Caroline Flint MP, Labour’s Shadow Communities and Local Government Secretary, is calling on the government to re-think its plans for local government funding, warning that the depth, speed and frontloading of its cuts will hit jobs, growth and frontline services.
And Cllr Sandra Holland, Leader of Doncaster Labour Group, warned that Doncaster Council was being put in "an impossible possition."
Following this week’s Commons debate on local government funding, Caroline Flint said: “In the next few days the government will announce the amount councils receive in grant funding. The choices they make will affect local jobs and the vital frontline services families rely on not just this year, but for years to come.
“The worry for communities across the country is that the coalition is making the wrong choices.
“It’s cutting too deep and too fast, hitting councils with more than twice the level of cuts to their funding than the rest of Whitehall, and frontloading those cuts so council budgets are dealt the heaviest blow in the first year.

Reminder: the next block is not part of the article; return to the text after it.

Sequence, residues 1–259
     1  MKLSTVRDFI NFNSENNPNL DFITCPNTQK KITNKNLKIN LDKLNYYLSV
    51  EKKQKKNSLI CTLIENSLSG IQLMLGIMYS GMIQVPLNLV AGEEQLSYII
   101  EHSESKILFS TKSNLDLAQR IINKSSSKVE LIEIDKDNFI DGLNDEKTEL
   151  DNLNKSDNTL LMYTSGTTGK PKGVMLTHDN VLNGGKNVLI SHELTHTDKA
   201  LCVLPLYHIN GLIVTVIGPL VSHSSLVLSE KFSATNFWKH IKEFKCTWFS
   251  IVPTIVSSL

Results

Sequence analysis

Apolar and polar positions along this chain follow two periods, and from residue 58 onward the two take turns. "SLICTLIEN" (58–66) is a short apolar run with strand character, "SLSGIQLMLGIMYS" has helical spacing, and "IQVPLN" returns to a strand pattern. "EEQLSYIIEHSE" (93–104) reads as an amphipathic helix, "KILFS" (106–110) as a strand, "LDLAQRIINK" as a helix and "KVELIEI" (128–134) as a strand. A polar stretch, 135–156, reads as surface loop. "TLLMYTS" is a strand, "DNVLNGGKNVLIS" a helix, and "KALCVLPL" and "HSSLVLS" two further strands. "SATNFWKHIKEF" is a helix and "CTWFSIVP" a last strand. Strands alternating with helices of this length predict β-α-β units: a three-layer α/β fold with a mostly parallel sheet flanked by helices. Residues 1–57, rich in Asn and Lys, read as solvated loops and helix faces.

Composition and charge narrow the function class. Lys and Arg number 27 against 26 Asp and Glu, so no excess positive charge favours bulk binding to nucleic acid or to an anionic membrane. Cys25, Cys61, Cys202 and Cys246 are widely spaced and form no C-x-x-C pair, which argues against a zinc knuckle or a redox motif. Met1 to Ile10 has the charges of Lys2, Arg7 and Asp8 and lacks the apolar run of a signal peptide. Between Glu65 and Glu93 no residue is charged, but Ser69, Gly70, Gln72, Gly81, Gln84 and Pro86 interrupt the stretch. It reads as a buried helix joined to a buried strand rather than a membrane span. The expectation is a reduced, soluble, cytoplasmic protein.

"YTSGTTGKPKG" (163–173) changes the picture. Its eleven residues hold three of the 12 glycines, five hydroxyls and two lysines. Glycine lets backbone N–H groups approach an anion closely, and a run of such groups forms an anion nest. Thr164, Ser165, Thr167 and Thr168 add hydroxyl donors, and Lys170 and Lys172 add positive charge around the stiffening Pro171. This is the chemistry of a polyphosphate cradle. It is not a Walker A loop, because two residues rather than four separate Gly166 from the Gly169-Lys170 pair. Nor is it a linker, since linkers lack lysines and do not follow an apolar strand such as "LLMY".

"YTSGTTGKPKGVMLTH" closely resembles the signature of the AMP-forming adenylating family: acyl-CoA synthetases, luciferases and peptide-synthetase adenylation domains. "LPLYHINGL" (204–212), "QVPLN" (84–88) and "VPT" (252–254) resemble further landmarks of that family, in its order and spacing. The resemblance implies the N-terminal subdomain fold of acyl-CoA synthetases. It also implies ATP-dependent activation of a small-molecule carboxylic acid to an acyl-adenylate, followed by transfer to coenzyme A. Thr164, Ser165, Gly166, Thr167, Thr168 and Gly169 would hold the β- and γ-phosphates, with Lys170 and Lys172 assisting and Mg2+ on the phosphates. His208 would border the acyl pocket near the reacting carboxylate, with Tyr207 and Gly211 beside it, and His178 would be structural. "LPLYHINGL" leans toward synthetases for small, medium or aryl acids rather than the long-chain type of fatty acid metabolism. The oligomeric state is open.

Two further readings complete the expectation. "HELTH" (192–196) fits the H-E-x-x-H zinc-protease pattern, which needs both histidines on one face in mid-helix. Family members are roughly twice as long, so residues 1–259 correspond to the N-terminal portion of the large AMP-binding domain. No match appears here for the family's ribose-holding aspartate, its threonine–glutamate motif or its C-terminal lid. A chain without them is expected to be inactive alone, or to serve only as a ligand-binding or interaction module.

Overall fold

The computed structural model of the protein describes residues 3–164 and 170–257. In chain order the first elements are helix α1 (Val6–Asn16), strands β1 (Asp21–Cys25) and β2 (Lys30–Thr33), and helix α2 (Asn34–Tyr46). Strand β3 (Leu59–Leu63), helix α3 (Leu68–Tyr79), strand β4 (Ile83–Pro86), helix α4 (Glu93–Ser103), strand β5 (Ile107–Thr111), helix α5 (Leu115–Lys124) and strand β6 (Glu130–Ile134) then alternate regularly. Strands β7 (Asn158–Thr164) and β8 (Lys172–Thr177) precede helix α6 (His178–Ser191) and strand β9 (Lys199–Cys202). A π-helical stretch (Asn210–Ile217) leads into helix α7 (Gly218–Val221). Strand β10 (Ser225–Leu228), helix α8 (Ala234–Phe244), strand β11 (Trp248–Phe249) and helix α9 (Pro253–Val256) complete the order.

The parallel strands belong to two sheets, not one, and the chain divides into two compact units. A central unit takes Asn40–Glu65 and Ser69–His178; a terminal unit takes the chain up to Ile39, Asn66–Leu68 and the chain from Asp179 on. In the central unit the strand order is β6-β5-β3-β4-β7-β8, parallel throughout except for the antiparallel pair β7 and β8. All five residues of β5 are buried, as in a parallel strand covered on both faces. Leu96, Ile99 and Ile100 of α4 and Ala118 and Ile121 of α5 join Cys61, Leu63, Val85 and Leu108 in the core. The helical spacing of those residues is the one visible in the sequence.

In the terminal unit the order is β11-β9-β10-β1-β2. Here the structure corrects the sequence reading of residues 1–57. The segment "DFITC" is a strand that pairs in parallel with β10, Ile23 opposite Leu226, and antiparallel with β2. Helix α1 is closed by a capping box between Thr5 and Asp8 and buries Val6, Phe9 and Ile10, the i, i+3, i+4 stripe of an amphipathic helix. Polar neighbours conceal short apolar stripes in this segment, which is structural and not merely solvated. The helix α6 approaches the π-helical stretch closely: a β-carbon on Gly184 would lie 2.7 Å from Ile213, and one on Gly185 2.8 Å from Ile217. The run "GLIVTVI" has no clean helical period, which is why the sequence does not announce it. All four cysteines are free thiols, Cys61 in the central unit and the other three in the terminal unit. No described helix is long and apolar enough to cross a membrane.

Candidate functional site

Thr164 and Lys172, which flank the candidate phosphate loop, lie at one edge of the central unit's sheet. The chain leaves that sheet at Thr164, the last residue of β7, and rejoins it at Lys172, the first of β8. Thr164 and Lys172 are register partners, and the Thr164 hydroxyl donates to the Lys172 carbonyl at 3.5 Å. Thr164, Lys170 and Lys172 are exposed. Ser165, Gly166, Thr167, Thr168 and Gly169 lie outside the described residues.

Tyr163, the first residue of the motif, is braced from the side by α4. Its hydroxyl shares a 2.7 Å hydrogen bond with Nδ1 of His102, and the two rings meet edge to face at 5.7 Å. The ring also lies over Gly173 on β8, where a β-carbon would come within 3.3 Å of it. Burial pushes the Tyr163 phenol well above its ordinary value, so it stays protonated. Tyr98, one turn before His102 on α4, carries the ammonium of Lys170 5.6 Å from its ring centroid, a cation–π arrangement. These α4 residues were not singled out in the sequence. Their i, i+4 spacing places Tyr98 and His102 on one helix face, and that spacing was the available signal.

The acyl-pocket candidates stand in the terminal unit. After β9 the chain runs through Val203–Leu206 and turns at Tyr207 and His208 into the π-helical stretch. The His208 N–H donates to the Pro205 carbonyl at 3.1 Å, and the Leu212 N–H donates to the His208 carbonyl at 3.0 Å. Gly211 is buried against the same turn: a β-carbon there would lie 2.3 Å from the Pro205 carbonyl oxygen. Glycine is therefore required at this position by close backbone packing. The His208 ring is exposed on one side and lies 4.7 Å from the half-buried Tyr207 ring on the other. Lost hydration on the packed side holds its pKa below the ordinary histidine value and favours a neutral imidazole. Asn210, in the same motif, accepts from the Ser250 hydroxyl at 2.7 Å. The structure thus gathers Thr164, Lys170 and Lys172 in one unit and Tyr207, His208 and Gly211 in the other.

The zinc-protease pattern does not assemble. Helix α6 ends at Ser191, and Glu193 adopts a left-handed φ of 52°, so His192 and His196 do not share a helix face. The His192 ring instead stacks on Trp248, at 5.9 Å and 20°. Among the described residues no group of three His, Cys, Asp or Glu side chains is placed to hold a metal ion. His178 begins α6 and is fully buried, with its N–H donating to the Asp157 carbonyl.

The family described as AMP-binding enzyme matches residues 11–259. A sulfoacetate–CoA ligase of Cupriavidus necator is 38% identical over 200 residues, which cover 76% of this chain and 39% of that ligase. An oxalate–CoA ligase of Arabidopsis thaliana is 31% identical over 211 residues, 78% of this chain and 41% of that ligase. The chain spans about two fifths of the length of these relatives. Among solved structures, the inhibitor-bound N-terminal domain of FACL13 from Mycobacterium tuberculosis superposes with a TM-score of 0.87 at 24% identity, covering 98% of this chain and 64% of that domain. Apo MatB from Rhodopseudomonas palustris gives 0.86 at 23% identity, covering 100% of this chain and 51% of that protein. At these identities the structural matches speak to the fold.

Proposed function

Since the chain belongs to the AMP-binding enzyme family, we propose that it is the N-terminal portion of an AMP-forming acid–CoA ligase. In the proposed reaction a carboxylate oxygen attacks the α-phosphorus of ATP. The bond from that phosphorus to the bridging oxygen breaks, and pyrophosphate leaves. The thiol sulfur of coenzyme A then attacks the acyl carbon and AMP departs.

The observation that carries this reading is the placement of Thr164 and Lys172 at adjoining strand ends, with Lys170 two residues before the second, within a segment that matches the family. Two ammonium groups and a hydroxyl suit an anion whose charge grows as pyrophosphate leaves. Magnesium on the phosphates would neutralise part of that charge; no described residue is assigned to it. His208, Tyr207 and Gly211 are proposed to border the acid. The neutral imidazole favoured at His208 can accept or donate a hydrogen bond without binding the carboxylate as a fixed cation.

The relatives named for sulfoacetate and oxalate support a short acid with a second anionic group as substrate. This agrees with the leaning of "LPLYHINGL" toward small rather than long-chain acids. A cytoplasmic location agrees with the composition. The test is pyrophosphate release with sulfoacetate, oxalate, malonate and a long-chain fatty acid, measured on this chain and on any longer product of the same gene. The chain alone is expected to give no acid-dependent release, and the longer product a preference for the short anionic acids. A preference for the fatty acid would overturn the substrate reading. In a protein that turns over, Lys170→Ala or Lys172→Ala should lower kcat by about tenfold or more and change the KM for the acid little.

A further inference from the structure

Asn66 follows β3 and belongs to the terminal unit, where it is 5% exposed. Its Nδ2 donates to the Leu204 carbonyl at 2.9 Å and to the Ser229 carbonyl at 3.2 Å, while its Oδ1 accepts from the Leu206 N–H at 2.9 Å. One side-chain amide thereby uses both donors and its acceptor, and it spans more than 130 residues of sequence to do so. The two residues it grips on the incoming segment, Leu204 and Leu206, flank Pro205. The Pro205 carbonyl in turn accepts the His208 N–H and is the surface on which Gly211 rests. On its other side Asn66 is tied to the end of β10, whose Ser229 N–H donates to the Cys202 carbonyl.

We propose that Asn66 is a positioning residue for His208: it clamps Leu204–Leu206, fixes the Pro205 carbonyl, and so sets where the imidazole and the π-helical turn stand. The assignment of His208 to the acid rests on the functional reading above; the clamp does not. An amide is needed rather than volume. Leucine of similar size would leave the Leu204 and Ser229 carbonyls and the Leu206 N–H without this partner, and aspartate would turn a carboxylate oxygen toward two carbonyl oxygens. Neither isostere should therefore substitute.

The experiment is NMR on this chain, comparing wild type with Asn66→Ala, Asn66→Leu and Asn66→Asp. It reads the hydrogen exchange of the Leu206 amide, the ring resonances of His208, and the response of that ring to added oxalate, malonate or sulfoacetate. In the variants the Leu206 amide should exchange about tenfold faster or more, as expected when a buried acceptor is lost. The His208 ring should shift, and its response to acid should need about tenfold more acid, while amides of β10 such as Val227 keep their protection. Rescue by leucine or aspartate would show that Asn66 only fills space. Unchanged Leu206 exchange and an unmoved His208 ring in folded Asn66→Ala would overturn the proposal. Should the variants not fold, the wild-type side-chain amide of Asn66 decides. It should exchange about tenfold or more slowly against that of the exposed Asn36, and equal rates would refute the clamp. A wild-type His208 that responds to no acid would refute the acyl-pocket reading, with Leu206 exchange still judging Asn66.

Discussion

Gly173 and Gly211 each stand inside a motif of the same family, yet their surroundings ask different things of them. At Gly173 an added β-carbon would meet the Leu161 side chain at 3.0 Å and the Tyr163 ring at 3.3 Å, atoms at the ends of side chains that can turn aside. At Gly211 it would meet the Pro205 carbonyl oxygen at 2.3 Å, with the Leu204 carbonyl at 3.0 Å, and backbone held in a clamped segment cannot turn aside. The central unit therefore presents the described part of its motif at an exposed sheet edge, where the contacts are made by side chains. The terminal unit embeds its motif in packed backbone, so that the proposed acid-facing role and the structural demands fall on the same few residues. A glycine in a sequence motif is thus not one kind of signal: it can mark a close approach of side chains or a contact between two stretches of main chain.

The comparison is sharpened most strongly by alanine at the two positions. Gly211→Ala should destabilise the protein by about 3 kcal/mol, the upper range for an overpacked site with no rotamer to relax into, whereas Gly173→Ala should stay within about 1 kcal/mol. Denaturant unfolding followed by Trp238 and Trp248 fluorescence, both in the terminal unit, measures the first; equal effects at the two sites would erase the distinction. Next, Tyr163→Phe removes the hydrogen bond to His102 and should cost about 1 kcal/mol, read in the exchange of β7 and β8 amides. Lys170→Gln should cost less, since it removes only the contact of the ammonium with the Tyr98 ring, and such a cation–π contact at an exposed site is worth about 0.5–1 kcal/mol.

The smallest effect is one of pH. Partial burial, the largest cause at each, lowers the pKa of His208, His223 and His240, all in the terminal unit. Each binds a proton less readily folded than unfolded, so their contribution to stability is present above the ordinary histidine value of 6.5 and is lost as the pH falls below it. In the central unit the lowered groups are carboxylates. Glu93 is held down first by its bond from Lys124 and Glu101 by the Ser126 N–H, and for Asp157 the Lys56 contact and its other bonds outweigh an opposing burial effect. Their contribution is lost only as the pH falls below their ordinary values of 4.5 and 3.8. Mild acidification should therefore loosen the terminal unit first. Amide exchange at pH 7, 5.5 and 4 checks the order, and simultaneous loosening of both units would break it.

“Cuts of this size, imposed this quickly, will hit frontline services. Roads already damaged last winter, could go unrepaired this year too. Potholes could go unfixed, pavements unswept. Streetlights will be turned off. Youth clubs will close. Libraries will shut down. And as more people than ever need help with social care, fewer will find their local council able to help.
“There is still time for the government to look again at what it’s proposing so that their plans are fairer. They could be spreading the cuts evenly over four years, giving councils time to plan where savings could be made. They could be making sure the cuts are spread fairly across the country.
“The danger is the coalition has already made its choice - and communities up and down the country will pay the price.”
Doncaster Council has to make £30million cuts to next year’s budget, out of £70million over the next four years.
Labour Group Leader, Cllr Sandra Holland said: “The Government must know that asking Doncaster to make almost half of the cuts in the first year puts the Council in an impossible position leading to major cuts in frontline services and about 800 council staff people losing their jobs. They did not need to cut so fast and deep at the start.”